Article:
Research by the Peter Bruce Group and collaborators in Oxford's departments of Materials, Chemistry, Engineering, and at the Paul Scherrer Institut and Diamond Light Source, as reported in Nature Materials, explains that the Lithium dendrite (filament) propagation through ceramic electrolytes, leading to short-circuits at high rates of charge, is one of the greatest barriers to realising high energy density all-solid-state lithium anode batteries.
Utilising in-situ X-ray computed tomography coupled with spatially mapped X-ray diffraction, the propagation of cracks and the propagation of lithium dendrites through the solid electrolyte have been tracked in a Li/Li6PS5Cl/Li cell as a function of the charge passed.
On plating, cracking initiates with spallation, conical 'pothole'-like cracks that form in the ceramic electrolyte near the surface with the plated electrode. The spallations form predominantly at the lithium electrode edges where local fields are high. Transverse cracks then propagate from the spallations across the electrolyte from the plated to the stripped electrode. Lithium ingress drives the propogation of the spallation and transverse cracks by widening the crack from the rear, ie the crack front propagates ahead of the Li.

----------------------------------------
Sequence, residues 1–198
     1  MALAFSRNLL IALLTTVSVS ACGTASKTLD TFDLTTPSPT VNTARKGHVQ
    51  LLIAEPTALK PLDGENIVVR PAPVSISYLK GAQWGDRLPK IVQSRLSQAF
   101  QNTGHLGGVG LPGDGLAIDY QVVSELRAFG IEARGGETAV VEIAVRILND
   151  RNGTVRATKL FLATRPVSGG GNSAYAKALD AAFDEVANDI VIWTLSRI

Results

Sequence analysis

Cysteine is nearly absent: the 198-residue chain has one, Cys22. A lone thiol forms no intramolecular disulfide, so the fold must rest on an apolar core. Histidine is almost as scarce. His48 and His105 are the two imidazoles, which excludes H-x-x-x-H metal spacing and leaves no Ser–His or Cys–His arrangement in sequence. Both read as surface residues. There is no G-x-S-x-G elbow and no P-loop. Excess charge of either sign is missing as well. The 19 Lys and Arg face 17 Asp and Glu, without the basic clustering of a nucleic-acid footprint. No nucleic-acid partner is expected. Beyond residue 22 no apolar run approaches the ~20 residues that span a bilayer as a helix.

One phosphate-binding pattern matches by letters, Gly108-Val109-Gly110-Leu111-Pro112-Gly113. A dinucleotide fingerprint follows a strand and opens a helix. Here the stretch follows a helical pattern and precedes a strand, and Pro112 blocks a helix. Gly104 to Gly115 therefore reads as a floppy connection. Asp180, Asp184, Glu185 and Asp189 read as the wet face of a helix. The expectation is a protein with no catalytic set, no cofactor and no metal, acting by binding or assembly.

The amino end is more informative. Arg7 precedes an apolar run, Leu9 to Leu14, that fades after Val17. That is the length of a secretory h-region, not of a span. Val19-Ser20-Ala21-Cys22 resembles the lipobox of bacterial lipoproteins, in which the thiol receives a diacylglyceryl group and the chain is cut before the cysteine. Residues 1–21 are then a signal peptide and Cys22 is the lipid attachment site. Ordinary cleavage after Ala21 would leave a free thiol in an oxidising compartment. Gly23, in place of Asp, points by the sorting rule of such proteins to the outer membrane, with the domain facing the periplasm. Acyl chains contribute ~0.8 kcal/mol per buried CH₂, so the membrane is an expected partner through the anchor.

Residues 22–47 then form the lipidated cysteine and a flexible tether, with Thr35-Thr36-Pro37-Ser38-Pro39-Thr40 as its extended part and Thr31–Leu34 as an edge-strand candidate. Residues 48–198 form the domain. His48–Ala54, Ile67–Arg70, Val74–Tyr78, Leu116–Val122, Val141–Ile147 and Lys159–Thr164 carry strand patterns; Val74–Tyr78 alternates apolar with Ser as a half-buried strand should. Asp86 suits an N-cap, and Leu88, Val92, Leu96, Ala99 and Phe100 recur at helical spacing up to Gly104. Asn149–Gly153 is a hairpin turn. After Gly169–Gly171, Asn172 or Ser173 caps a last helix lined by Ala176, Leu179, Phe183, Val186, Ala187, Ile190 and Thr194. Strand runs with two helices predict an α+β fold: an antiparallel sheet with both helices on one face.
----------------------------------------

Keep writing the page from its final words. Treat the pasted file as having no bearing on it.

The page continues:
As a result, cracks traverse the entire electrolyte before the Li arrives at the other electrode and therefore before a short-circuit occurs.